While distinctive for their black and white plumage and melodic warbling, magpies are also well known for their habit of swooping people and pets during spring.
Magpies breed from August to October and their young are usually raised in nests made of small branches and twigs, grass and other plant material. Nests made of wire and other non-natural materials have also been found.
These birds are very protective of their young and, while they are generally great companions for most of the year, they will swoop on intruders if they feel threatened during the breeding season.
Why do magpies swoop?
Magpie families tend to build their nests and raise their young in a selected area which they consider their "territory" and will become fiercely protective of it. Swooping is generally a tactic employed by the male to scare off any potential threats to their family and will target people, cats, dogs and even other magpies if they feel threatened. Swooping usually lasts for around six weeks and can be triggered by the colour of someone's clothes, a noise or even the speed at which a person is travelling.
Are swooping magpies dangerous?
Yes they can be. Swooping usually involves beating the wings, clacking the beak and the occasional peck or scratch.
While swooping is intended to be scare tactic more than anything, accidents can occur. Being swooped can be a terrifying experience - especially for children - and the resulting panic can cause bike accidents or even cause people to run onto the road.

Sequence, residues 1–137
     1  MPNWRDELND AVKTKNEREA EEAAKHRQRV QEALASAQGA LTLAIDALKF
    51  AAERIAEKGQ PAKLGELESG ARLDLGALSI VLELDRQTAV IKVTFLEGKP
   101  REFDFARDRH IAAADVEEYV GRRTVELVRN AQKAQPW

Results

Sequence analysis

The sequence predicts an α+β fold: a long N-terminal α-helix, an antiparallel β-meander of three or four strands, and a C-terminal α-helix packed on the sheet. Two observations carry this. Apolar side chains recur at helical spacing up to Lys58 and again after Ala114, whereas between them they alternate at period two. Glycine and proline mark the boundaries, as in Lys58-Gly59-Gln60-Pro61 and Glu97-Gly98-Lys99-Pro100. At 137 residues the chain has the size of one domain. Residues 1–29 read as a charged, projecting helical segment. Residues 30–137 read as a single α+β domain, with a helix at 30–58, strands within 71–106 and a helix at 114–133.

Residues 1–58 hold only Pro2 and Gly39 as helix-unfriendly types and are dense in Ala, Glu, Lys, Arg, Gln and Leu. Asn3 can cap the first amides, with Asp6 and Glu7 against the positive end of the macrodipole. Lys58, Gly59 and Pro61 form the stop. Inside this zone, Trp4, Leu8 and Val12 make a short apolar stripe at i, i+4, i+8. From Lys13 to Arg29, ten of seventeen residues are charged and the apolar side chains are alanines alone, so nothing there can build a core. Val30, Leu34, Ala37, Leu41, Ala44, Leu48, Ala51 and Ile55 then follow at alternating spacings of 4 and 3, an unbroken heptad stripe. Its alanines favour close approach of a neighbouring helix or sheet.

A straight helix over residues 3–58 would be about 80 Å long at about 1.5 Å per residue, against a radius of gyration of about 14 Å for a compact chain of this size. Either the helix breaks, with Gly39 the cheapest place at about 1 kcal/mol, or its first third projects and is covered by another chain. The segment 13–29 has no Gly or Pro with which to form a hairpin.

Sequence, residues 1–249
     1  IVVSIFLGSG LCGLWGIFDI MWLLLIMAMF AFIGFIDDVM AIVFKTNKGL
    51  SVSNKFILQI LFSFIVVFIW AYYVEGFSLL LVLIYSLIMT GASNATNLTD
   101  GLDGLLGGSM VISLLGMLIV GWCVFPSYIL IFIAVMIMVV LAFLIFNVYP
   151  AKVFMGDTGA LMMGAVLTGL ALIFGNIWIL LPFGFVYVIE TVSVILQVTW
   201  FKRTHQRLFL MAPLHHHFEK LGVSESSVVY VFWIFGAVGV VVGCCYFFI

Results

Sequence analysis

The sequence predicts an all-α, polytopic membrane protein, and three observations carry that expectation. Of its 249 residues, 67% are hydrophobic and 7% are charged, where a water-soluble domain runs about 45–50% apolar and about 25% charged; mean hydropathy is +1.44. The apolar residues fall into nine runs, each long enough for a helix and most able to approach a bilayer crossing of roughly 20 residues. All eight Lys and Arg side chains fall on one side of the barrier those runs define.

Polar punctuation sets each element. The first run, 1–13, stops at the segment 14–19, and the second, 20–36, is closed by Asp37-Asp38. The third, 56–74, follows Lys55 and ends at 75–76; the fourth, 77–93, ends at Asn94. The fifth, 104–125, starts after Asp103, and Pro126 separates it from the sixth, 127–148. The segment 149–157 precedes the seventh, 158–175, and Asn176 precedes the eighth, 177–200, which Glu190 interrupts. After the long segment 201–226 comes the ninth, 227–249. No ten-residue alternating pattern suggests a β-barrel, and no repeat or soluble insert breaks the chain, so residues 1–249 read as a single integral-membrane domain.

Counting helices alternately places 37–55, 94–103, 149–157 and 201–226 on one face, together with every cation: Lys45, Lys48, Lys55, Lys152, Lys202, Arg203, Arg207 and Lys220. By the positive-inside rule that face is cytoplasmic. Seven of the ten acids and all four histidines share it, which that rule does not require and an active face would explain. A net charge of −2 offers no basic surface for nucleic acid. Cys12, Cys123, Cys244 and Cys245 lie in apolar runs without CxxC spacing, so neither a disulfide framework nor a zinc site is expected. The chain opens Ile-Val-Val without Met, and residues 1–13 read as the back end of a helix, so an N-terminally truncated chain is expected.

Remember, that magpies are simply trying to protect their territory and the chicks they are rearing. The best advice is to stay calm, protect your face and walk away quickly.
Dealing with swoopers
If you do have to cross the path of a swooping magpie here are some simple steps you can take to protect yourself:
Walk quickly through the magpie's territory, but don't run. If it's a particularly troublesome bird, try taking a different route for a few weeks.
Protect your head by wearing a hat, helmet or even an umbrella. Some people paint or stick large eyes on the back of these items to create the illusion of a larger predator looking back at them.
If you are under constant attack, you should also consider wearing clear safety glasses to protect your eyes, while flags or streamers attached to the back of a bike have been known to discourage attacks on cyclists.
Never throw items at a swooping magpie as this action will confirm the bird's suspicion that it is under attack and it will swoop even more repeatedly and vigorously.
Protect your pets . . .
Pets are often a target for swooping magpies, but you can help protect them by:
•Putting them in a safe place - in your house, garage, kennel or hutch
•Putting your dog on a lead when walking through the magpie's territory
•Not allow them to attack magpies - a threatened bird will become aggressive